Figure 1.

Distribution of the types of coloring additives used in food in the 1992 world market [23].

Due to the inefficiency of resolutions, control, and monitoring, many illegal dyes were used in food products, which resulted in cases of allergic reactions and even deaths, as reported in 1860 after two people consumed a dessert that contained copper arsenate [23]. In India, studies indicated that 61.6% of the analyzed foods presented dyes not allowed in the country [28]. This occurs because the synthesis in most cases is complex and the purification requires time and money.

Food legislation is a very important factor in ensuring the quality of food. The first supervisory agency was created in the USA and became known as the 1906 FD&C Act [26]. Nowadays, there are several agencies that dictate and supervise the dye additives allowed, not only to maintain the good quality of food but also to preserve the health of the people, since research indicates that certain substances with dyeing power have great mutagenic potential besides adverse reactions. In the USA, all color additives are regulated by the Federal Food, Drug, and Cosmetic Act (FD&C) [29, 30]. However, the use of additives must be approved by the USA Food and Drug Administration (FDA) by a color petition process and listed in Title 21 of the Code of Federal Regulations (CFR, 2014) [23, 30, 31]. In the European Union (EU), the first legislation was created in 1950 [26]. Currently, food additives are controlled by EU Regulation (EC) No1333/2008 and food additives are divided into 20 groups, according to their functionality [30]. Among them, 43 colorants are permitted as food additives, of which 17 are synthetic and 26 are natural [26].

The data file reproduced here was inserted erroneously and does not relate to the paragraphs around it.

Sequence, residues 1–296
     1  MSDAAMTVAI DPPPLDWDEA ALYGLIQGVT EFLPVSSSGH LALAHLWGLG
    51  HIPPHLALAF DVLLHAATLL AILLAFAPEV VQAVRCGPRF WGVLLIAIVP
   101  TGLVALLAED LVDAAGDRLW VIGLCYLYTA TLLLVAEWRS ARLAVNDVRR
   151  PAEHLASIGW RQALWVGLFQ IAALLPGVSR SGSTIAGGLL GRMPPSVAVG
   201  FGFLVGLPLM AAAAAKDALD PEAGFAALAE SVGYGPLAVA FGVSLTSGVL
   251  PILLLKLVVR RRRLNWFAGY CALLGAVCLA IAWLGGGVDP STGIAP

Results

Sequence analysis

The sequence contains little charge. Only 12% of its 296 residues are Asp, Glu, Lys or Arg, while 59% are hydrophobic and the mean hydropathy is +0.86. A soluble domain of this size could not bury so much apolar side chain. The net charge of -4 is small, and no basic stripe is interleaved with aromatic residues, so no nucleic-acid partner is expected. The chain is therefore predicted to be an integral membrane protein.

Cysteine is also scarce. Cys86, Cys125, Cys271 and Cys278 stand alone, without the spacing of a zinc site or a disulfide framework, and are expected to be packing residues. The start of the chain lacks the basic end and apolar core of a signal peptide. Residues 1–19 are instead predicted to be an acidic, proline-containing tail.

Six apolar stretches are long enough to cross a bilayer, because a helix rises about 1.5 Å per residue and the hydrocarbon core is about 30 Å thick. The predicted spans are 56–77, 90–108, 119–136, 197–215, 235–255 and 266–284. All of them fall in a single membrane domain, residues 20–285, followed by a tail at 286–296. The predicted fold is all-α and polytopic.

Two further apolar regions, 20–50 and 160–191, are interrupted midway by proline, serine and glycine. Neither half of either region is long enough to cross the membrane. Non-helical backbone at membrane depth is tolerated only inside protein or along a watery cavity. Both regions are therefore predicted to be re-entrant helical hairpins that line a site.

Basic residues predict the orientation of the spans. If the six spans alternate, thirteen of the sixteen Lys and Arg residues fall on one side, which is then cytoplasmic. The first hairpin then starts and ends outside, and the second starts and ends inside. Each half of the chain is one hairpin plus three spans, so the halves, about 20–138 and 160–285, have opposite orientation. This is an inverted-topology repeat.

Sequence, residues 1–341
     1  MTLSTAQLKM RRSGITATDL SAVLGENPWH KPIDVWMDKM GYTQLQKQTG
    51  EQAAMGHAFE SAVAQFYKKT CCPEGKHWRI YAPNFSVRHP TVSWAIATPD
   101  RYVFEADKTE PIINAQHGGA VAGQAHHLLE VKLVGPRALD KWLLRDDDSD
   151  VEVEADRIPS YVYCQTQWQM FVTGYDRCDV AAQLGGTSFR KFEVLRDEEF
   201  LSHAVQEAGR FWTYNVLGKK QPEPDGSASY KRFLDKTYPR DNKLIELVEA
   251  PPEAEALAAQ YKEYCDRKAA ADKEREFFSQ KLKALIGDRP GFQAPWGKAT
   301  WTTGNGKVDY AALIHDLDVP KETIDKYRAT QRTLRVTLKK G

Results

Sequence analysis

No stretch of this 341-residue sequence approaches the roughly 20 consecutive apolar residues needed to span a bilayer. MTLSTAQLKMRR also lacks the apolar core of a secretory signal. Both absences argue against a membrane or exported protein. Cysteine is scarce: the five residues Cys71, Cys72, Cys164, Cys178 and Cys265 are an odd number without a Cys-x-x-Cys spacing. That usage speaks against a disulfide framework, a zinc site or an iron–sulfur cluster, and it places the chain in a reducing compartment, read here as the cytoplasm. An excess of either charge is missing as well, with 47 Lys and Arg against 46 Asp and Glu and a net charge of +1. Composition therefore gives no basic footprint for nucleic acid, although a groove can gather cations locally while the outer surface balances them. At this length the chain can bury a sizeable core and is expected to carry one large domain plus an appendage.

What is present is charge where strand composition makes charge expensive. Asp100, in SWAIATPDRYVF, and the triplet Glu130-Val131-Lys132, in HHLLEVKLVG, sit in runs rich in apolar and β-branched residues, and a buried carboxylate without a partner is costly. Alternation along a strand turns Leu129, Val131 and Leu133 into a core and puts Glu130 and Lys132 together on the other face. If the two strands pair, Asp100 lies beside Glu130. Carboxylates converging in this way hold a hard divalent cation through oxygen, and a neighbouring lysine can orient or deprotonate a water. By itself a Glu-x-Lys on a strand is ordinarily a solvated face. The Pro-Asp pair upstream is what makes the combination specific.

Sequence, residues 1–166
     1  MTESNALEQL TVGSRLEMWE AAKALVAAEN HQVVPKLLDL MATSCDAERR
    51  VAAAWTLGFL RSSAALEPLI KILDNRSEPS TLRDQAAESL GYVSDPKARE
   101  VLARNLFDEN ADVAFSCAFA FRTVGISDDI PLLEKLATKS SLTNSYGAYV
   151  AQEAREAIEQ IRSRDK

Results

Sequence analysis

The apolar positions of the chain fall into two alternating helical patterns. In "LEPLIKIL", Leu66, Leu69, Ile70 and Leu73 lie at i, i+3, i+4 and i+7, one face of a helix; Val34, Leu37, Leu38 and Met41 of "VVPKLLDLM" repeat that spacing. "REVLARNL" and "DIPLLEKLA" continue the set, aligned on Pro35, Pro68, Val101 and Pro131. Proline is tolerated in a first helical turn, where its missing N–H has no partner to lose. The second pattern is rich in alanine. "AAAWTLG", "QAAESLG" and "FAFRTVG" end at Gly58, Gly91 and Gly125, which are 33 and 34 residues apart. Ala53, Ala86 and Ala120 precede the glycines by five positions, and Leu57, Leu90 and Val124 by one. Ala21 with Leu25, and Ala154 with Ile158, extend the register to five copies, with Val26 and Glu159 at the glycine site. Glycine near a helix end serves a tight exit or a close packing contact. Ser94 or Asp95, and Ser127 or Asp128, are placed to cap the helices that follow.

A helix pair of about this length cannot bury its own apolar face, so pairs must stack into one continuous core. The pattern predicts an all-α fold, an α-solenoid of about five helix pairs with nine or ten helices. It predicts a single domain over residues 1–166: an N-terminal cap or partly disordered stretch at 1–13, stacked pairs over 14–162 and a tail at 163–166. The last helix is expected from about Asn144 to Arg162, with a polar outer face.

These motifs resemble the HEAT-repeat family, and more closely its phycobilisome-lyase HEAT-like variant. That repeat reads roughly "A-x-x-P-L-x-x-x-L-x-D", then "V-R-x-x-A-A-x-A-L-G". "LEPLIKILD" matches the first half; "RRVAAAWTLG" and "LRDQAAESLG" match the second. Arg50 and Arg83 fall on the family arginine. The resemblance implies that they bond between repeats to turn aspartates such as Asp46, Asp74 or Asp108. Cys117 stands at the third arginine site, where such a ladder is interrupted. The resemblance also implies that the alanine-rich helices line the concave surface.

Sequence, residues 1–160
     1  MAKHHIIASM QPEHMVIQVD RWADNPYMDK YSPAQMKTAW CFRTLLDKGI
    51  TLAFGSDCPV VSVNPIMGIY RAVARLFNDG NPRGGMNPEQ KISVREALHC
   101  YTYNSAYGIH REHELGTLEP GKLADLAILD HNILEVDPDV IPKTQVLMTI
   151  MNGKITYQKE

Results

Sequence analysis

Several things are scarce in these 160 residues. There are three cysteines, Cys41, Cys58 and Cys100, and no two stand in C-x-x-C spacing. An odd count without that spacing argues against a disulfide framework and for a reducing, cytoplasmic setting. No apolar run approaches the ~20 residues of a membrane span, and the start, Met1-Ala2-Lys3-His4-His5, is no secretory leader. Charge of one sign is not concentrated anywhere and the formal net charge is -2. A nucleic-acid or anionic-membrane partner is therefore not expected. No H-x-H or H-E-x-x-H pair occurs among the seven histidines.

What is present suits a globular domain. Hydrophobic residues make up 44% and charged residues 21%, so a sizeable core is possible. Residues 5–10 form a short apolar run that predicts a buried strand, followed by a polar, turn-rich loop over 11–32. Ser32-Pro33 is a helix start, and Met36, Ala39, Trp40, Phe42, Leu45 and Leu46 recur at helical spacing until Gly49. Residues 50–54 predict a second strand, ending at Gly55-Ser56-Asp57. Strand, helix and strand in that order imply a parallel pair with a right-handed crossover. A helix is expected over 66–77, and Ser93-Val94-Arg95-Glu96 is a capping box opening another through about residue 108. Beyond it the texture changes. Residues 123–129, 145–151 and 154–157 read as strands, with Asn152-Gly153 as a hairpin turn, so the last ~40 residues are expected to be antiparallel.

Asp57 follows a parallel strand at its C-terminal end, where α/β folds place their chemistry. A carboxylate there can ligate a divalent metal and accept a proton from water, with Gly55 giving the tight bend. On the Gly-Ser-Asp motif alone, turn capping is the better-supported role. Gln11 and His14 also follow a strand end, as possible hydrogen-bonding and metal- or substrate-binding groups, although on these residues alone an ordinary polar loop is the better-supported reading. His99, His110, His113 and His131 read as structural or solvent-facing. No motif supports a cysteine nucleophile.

Table 1 shows some types of synthetic color additives commonly used in food and whether they are recognized or not by the European Union (EU), US Food and Drug Administration (FDA), Agência Nacional da Vigilância sanitária (ANVISA), and World Health Organization (WHO).

Color additivesPermission to use in food
media/UF1.pngAcid Red 27
Dye No. 2
media/UF2.pngDisodium 6‐hydroxy‐5‐[(2‐methoxy‐5‐methyl‐4‐sulfophenyl)azo]‐2‐naphthalenesulfonate
FD&C red No. 40
media/UF3.pngFood Black 1NoNoNoYes
media/UF4.pngFood Yellow 3
Orange Yellow S
FD&C Yellow No. 6
media/UF5.pngAcid Red 14
Chromotrope FB
Disodium 4‐hydroxy‐3‐[(4‐sulfo‐1‐naphthalenyl)azo]‐1‐naphthalenesulfonate
Mordant Blue 79
media/UF6.pngAcid Yellow 23
FD&C Yellow No. 5
media/UF7.pngAcid Red 18
New Coccine
Ponceau 4 R
media/UF8.pngAcid Blue 9
Alphazurine FG
Erioglaucine disodium salt
media/UF9.pngChocolate Brown HT
Food Brown 3
C.I. 20285
media/UF10.pngAcid Red 1, Amidonaphthol
Red G, Azophloxine
media/UF11.pngFood green 3
FD&C Green No. 3
media/UF12.pngAcid blue 3 sodium salt
Food Blue 5 sodium salt
media/UF13.pngIndigo carmine, Acid Blue 74,
Indigo‐5,5′‐disulfonic acid
disodium salt
FD&C Blue No. 2
media/UF14.pngFD&C Red No. 3YesYesYesYes
media/UF15.pngCI Food Red 4
CI (1975) No. 16045

Table 1.

Synthetic color additives used in food in EU, FDA (USA), ANVISA, and WHO (adapted from Refs. [26, 32]).

The search for highly sensitive, efficient, and rapid methods of analysis of these additives has been growing. This is justified by a great demand for coloring additives to be used in food. Therefore, the inspection agencies need to specify the types of substances that can be used and chosen one that is not harmful for the human health. In addition, the presence of food dyes has also been reported in wastewater, and there is a demand for analytical methods applicable in environmental matrices.

The first works for the detection of food dyes using electroanalytical methods are dated to 1979, and they were based on the use of mercury electrodes [33, 34]. Fogg and Yoo [33] have used differential‐pulse polarography (DPP) for the determination of mixtures of Tartrazine‐Sunset Yellow FCF, Tartrazine‐Green S, and Amaranth‐Green S in soft drinks. In another work, FOGG et al. [35] used differential‐pulse adsorptive stripping voltammograms (DPASV) for the determination of 13 food dyes assigned as Amaranth, Carmoisine, Ponceau 4R, Red 2G, Erythrosine, Sunset Yellow FCF, Tartrazine, Quinoline Yellow, Green S, Indigo carmine, Patent Blue V, Brilliant Blue FCF, and Chocolate Brown HT. For Amaranth, Carmoisine, Ponceau 4R, Red 2G, Sunset Yellow FCF, Tartrazine, and Chocolate Brown HT, the signals were attributed to the reduction of the azo to hydrazo group. After optimization for each analyte individually, the sensitivities for food dyes were in the range of 5.5–38 and 120–1500 mA L mol−1 by using dropping mercury electrode (DME) and hanging mercury drop electrode (HMDE), respectively.